Opened 10 years ago

Last modified 14 months ago

#321 new enhancement

Switch static-cat to a denylist instead of allowlist

Reported by: adehnert Owned by:
Priority: normal Milestone:
Component: web Keywords: opinionated, static-cat, haskell

Description (last modified by adehnert)

Currently, static-cat (and related infrastructure) has a list of extensions that it will read (see Any other extension it will refuse to handle. We should switch from allowlisting certain "safe" extensions (and incrementally increasing that list) to denylisting certain "dangerous" extensions (and possibly incrementally increasing that list).

(N.B.: If you want a fun ticket to spend five hours discussing before you fail to reach a concensus on the desirability of doing it, here's a great one.)

As Mitch writes in #92:

Regardless of what you'd expect with a normal web server, remember that many of our users have no clue how a web server works. And if they checked to make sure that their file wasn't visible on the web, that's a completely reasonable thing to expect not to change.

At the moment, if somebody decides to put, say, secret-info.rtf, secrets.txt.gz, secrets.txt.bz2, secrets.json, secrets.yaml, secrets.sql, or presumably some huge number of other extensions in their locker, they might verify that loading them didn't work, and conclude that they're safely protected. As is, however, at some point in the indefinite future, a request from another scripts user may result in us unblocking any of those extensions (with variable amounts of angst about the security implications of doing so).

Our original user would have no particular reason to expect their files to have suddenly become accessible. Using a denylist would help protect against this --- as long as we never remove things from the denylist, a user who checks once can be reasonably assured that their files will never become visible.

Naturally, the reverse of this is that a user who checks once is not reasonably assured that a page will remain visible. Fortunately, site breakage tends to be fairly obvious, and a user is liable to notice (or get an email from a user) if part of their (actively used) site spontaneously breaks, at which point they can fix it. The reverse does not hold --- if part of their site spontaneously becomes viewable, they may not find out for a lengthy period of time, even for an actively-used site.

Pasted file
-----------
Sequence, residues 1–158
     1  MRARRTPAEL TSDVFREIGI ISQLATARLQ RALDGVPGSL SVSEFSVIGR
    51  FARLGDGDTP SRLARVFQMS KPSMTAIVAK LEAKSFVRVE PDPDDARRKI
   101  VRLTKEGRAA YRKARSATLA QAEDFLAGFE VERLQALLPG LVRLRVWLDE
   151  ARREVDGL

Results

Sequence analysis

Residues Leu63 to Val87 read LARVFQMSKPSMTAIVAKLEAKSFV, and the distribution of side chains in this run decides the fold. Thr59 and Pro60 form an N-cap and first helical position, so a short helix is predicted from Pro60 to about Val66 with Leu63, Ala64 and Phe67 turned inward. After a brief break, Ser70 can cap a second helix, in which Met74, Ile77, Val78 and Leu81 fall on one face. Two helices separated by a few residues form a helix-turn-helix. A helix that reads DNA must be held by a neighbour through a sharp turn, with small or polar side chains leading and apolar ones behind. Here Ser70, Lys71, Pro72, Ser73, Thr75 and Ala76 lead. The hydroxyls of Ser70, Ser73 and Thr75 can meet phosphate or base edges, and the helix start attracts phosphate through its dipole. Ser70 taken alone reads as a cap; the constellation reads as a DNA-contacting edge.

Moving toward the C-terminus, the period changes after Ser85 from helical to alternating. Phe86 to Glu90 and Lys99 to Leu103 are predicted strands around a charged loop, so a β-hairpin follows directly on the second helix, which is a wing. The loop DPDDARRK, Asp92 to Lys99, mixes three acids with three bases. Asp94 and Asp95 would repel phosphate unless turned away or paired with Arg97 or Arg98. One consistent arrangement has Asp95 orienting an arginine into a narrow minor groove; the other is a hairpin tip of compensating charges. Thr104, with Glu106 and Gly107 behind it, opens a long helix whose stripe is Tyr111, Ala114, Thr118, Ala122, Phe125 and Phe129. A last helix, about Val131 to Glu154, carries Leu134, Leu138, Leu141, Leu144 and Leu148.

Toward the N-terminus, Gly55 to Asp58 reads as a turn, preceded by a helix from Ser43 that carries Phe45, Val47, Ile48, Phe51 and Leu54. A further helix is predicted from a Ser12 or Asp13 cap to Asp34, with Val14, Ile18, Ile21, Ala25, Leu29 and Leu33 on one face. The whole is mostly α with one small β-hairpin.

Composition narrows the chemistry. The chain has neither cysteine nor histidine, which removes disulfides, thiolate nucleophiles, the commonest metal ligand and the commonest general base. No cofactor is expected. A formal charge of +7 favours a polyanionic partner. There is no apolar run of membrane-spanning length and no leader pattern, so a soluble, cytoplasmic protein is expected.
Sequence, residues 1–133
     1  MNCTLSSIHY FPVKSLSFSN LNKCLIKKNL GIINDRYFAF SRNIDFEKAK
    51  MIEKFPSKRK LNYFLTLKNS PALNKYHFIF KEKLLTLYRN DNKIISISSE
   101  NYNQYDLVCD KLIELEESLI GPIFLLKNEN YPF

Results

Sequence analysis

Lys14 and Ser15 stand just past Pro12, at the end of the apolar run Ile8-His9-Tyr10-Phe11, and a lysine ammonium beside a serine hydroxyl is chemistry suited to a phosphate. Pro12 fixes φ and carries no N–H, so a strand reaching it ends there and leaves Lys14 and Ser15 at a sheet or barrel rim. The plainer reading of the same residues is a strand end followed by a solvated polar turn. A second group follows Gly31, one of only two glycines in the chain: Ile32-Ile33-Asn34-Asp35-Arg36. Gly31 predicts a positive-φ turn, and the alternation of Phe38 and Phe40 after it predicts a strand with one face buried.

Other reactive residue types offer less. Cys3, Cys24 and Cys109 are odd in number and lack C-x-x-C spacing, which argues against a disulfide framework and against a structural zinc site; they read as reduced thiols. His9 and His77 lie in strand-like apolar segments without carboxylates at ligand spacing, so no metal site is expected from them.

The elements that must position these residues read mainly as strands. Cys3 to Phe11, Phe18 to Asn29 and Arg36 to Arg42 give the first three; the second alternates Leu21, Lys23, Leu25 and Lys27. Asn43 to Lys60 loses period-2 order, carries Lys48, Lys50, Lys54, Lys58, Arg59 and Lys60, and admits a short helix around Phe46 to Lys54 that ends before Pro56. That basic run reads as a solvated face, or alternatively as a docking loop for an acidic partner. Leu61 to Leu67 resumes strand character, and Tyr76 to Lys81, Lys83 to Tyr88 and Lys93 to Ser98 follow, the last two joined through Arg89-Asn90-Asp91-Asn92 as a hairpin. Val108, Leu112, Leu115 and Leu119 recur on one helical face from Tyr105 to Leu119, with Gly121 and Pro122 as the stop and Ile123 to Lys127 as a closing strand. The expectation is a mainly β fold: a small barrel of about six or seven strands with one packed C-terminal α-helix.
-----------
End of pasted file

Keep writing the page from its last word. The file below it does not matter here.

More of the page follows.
There is a risk that some software uses some obscure extension for its configuration files, and would not expect that extension to be served up. I believe that most web hosts default to serving up anything that lacks a configured handler, however, so I would expect any off-the-shelf software to address this risk itself --- by using the same extension as the source files (so that they will also be executed instead of displayed), shipping with .htaccess rules that disable access, or storing the files outside the docroot, for example. (With the exception of the last one (assuming static-cat checks that files are in the docroot), note that these techniques depend upon Apache being uncompromised. This may be unacceptable.)

This is related to:

  • #92 (make robots.txt viewable)
  • #319 (make .txt files viewable)
  • #320 (make static-cat per-user customizable)

There are lengthy discussions of the desirability of doing this at:

  • -c scripts -i sipb, on 2011-03-21
  • -c scripts -i 1685762, on 2011-08-03

Change History (2)

comment:1 Changed 6 years ago by andersk

  • Keywords opinionated added; opionated removed

comment:2 Changed 14 months ago by adehnert

  • Description modified (diff)
  • Summary changed from Switch static-cat to a blacklist instead of whitelist to Switch static-cat to a denylist instead of allowlist
Note: See TracTickets for help on using tickets.